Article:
I didn't write about it much at the time, but I need to recall it now. What life was like back then... 2011-2014
When the children were smaller we were (and still are) a one car family.
My husband Graeme needed the car every day to get to work, and for the most part we (myself and the kids) didn't need one. Most things, our friends, church, shops, were within a reasonable walking distance. So most days we loaded up the pram and spent our days walking to and from.
When the kids were born I had some fantastic friends who would offer to come and pick me up for particular social occasions that were across town, which I deeply appreciated (you know who you are), but for most of it I did enjoy getting out into the fresh air. At the time I don't think I thought that, but looking back I can see that pounding the pavement was good for me.
We lived in a low income part of town. Kids loitered, men sat on porches smoking and staring, houses were burnt down and threatening dogs left to roam. I often felt scared for our safety and couldn't wait to move out.
It was normal for me to leave the house in the morning with the pram, and not return until dinner time.
Normal to buy only what groceries would fit on the handles of the pram.
Once after my first child was born, I walked 4.8km (I just google mapped it) to a friends home. She text when I was a few blocks away to say our coffee date wouldn't work anymore, and so I turned around and walked 4.8km home. I had had a baby only a few weeks earlier, and the 9.6km journey took days for my post-partum body to recover.
In my next pregnancy I walked to church for a play group, to the grocery store, to a friends house, and home, a 10km journey. When I got home, I had pains in my pregnant belly, my muscles ached and I feared I might go in to labour.
Some days I would wake up at 6am to breastfeed the baby, load the kids into the car and take my husband to work at 7am if I wanted the car for the day. He was more than happy to do this, but it put strain on our whole day. The kids had to eat dinner at 4.30pm, be in their PJs for pick up at 5pm and would often fall asleep on our way home, meaning they were up until 10pm as is the way with Kids and late naps or we would transfer them to bed as soon as we got home and Graeme would miss out on Dad Time. Often it wasn't worth the effort.
Later we moved homes, out of the rough neighbourhood and into a quiet suburban tree lined street where people washed their cars at the weekend. Suddenly, nothing was close by and our oldest had started Kindy and so everyday became a "drop daddy off at work" day. It was exhausting.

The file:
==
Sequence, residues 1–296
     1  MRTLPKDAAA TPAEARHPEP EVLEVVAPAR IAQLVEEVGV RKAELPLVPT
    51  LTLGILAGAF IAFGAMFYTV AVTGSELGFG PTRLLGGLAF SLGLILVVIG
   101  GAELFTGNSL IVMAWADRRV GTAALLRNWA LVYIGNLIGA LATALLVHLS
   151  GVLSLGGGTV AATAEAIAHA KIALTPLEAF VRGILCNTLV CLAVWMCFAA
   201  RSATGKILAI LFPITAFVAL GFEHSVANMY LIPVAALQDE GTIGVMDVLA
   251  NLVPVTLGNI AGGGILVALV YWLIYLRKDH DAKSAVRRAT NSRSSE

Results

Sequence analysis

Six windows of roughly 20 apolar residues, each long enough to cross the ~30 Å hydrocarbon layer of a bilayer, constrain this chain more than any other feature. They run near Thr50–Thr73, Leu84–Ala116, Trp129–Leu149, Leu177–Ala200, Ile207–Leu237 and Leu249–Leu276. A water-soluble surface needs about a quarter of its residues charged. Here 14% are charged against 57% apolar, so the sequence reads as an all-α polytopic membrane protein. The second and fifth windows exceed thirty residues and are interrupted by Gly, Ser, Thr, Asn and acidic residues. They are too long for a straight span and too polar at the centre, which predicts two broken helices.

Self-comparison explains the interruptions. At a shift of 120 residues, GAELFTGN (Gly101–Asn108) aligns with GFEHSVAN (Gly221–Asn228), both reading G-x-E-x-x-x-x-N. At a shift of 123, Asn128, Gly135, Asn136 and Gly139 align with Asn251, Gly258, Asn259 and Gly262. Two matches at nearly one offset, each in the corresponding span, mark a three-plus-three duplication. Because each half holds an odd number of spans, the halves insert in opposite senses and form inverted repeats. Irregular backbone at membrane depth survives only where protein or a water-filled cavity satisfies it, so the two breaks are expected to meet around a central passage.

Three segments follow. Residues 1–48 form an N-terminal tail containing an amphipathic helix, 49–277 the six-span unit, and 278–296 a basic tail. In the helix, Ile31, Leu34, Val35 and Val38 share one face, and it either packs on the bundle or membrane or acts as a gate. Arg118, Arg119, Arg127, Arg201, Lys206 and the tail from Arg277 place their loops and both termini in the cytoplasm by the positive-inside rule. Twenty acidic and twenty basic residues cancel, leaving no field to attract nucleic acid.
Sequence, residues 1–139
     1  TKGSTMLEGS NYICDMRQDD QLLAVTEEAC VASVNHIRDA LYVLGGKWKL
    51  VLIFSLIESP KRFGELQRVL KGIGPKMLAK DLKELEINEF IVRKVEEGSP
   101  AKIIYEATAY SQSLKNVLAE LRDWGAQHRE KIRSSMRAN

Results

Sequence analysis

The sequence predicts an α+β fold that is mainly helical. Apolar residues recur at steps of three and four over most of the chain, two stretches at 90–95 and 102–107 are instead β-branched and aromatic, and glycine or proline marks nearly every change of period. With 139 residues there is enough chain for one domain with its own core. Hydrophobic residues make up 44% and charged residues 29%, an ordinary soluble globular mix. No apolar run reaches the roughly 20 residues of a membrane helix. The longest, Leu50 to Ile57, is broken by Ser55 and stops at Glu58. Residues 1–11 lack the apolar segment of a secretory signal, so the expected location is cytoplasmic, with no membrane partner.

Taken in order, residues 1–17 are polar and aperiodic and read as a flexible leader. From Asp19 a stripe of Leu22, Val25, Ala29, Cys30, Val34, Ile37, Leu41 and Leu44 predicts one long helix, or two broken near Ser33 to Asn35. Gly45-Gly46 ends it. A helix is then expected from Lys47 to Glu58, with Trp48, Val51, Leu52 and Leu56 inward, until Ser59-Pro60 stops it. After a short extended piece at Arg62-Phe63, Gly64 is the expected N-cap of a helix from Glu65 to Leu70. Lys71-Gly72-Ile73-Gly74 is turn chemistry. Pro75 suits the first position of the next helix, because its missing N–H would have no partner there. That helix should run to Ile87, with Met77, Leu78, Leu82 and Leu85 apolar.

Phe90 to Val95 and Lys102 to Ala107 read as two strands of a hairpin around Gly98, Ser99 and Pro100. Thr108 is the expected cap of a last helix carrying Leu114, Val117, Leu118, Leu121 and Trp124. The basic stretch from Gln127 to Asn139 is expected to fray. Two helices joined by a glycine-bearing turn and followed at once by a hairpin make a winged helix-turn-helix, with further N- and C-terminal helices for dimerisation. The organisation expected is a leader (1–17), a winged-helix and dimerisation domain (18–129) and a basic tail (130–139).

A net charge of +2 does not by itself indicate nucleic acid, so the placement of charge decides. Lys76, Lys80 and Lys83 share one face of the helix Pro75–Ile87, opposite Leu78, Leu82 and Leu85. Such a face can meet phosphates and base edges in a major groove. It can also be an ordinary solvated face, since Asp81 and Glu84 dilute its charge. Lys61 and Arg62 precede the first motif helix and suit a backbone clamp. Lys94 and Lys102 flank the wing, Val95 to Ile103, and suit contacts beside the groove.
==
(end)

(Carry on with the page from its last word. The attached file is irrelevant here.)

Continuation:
These were all normal events in our lives. We thought nothing of it, because that was how it had to be. But we dreamed of having another option. A scooter, we thought, seemed the cheapest. We watched Trade Me auctions for well on a year, some times bidding and praying that one would go cheap enough for us.
Until one day, Graeme bid on one, to hell with what it costed.
I remember pulling into the persons drive way to pick up the scooter. Transferring $1200 that we didn't really have at the time, that had taken what felt like forever to gather in our savings account. I felt anxious. Scared, almost, like we were wasting money. The rain washed over the windows, the children cried in the back seat from hunger and tiredness as we waited for Graeme to get back from his test drive.
"Are you sure??" I asked him.
"I think its good" He replied.
We drove home and the rain relented. He pulled up at the lights next to us, a big smile filling his whole face beneath that helmet. I snapped a photo to record the event on Instagram.
Don't get me wrong, life was happy back then, the photos recorded and shared tell me so anyway. We were content. But now from a new perspective I can see how much of a grind it was. Everyday, like scraping chalk on the concrete, it wore us down, although I never would have admitted that at the time. In hindsight, I don't know how we did it.
It was only one and half years ago that a little red scooter came into our lives but it changed everything from that moment on. The children are allowed to sleep until they are ready to wake, we drive (and still walk on fine days), we explore, visit friends homes and make spontaneous plans, and we spend our afternoons at home, playing without a deadline, dinner is cooked in its own time and our family enjoys a meal together. Graeme can help with the night time chores - readying the children for bed, reading books to them. There was time for none of that before.
As a woman, it has empowered me to be the woman I want to be; one who is free, who is not trapped.
In the morning I wake to the sound of the scooter roaring into life and speeding off down the driveway, often while it is still dark outside.
Half asleep, I smile to myself. My husband, ever loyal, off to work another day.
I feel beyond blessed.